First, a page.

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Professor Eckersberg, whose innovation had been inspired by seeing life classes in the Paris studio of Jacques Louis David, noted in his diary on January 3, 1933: “Have started painting from a beautiful female model with C. Hansen, Købke and Marstrand.” Martinus Rørbye (1803-1848) and Adam Müller (1811-1844) were also recorded as being present at the same momentous life class, but no one is quite sure, in the absence of a signature, which of the two was responsible for the second Modelstudie that came up for sale at these same Copenhagen rooms almost a year later on August 29, estimated at DKr600,000-800,000.

These early female nude studies are obviously of tremendous academic interest for historians of the so-called ‘Golden Age’ of Danish painting. However, the unlikelihood of the Danish government granting an export licence (the previous example was bought by the New Carlsberg Glyptoteket Museum, Copenhagen) tends to cool trade interest in such paintings, and though this particular example, measuring 143/4in by 91/2in (37.5 x 24.5cm), had been in the same private collection since 1885, the uncertainty of authorship might have also been deemed a negative factor. Most authorities seem to think it is by Rørbye.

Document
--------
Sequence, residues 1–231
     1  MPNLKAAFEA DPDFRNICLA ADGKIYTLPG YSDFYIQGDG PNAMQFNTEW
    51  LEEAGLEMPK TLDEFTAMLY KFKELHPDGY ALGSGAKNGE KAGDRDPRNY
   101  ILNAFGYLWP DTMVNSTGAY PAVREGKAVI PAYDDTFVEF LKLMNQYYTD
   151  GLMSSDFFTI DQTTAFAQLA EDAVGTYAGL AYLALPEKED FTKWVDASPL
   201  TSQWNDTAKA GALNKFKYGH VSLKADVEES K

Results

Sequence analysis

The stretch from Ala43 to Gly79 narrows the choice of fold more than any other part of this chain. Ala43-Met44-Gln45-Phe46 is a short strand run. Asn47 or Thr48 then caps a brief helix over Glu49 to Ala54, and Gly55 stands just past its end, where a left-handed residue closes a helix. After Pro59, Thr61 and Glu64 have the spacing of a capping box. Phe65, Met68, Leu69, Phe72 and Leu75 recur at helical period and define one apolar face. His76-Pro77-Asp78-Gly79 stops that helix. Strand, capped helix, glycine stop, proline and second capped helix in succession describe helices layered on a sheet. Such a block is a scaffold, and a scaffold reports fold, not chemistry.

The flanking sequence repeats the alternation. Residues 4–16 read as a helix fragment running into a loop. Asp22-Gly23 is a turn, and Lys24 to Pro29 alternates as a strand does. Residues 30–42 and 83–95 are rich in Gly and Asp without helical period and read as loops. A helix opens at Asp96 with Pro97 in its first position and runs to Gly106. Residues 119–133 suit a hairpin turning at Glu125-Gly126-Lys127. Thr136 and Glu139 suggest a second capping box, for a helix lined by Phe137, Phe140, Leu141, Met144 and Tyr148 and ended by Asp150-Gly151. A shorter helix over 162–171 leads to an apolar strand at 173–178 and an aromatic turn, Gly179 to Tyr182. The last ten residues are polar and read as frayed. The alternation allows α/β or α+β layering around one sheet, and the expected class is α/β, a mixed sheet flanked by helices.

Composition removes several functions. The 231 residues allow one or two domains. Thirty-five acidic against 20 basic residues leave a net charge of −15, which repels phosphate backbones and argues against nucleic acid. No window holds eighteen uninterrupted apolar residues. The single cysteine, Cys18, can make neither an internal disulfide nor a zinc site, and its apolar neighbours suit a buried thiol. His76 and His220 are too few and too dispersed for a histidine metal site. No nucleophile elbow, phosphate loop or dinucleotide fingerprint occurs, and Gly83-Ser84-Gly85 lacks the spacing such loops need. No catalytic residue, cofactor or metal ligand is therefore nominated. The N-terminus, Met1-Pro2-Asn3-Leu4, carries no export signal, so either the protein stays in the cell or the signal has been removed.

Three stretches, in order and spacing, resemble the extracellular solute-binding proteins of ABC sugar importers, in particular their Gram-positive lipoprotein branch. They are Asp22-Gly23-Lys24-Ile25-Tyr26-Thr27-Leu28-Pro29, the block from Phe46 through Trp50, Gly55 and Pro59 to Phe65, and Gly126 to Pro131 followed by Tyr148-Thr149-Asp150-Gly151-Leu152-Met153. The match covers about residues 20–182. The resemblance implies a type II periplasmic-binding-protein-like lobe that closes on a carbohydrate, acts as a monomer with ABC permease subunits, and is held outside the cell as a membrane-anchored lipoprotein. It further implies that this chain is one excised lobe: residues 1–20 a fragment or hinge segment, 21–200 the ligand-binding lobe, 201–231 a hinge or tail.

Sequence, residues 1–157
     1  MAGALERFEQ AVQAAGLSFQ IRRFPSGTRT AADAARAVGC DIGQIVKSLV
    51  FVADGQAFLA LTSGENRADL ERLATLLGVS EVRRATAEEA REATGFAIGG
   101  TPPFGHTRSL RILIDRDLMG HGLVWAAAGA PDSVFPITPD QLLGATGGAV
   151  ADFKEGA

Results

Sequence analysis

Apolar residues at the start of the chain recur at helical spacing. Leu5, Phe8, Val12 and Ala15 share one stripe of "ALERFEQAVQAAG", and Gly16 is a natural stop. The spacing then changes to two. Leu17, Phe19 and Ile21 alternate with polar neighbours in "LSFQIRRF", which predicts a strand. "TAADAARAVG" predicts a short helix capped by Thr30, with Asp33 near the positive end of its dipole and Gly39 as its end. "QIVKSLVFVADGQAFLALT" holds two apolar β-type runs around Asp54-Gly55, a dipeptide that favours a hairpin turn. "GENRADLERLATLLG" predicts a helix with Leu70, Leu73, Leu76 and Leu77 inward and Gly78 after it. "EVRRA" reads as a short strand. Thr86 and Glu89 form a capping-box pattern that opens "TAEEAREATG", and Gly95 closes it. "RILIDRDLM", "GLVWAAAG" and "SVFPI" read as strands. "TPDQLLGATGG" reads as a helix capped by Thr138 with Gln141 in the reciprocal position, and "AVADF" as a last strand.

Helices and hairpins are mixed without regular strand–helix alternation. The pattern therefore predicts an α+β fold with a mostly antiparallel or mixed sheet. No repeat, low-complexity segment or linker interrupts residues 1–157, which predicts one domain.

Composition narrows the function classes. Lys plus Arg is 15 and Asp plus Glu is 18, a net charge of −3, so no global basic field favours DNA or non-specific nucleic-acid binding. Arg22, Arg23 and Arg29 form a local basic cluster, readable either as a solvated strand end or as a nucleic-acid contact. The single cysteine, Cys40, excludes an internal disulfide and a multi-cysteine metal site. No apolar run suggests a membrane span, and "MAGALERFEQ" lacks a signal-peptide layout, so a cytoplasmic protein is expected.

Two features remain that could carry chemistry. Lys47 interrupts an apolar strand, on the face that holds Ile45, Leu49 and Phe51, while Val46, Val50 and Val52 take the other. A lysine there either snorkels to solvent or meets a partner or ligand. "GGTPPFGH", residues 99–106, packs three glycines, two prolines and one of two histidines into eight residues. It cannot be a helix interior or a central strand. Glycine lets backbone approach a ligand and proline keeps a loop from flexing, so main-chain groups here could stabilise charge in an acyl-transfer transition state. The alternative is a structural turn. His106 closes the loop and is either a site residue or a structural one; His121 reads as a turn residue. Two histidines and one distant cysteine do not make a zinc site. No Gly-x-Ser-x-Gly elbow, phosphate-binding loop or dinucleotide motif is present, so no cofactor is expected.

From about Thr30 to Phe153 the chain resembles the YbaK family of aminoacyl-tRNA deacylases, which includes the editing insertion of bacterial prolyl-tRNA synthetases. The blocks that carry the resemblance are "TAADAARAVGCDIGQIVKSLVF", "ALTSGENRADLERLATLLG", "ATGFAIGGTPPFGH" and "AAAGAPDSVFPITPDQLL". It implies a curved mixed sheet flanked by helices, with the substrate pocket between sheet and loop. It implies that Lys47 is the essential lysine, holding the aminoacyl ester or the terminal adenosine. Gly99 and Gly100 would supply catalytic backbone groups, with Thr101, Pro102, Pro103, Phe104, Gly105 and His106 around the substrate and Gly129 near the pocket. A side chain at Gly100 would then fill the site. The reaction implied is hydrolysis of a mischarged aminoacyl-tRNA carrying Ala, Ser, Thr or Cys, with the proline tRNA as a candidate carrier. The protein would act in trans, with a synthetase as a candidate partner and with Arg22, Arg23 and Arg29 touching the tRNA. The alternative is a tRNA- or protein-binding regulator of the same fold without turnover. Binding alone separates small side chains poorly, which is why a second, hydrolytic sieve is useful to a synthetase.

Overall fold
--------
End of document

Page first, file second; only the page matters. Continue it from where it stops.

These considerations, together with the fact that it was the second such painting to be offered, resulted in the painting being knocked down to a private collector for a lower estimate DKr600,000 (£52,630).

Exchange rate: £1 = DKr11.4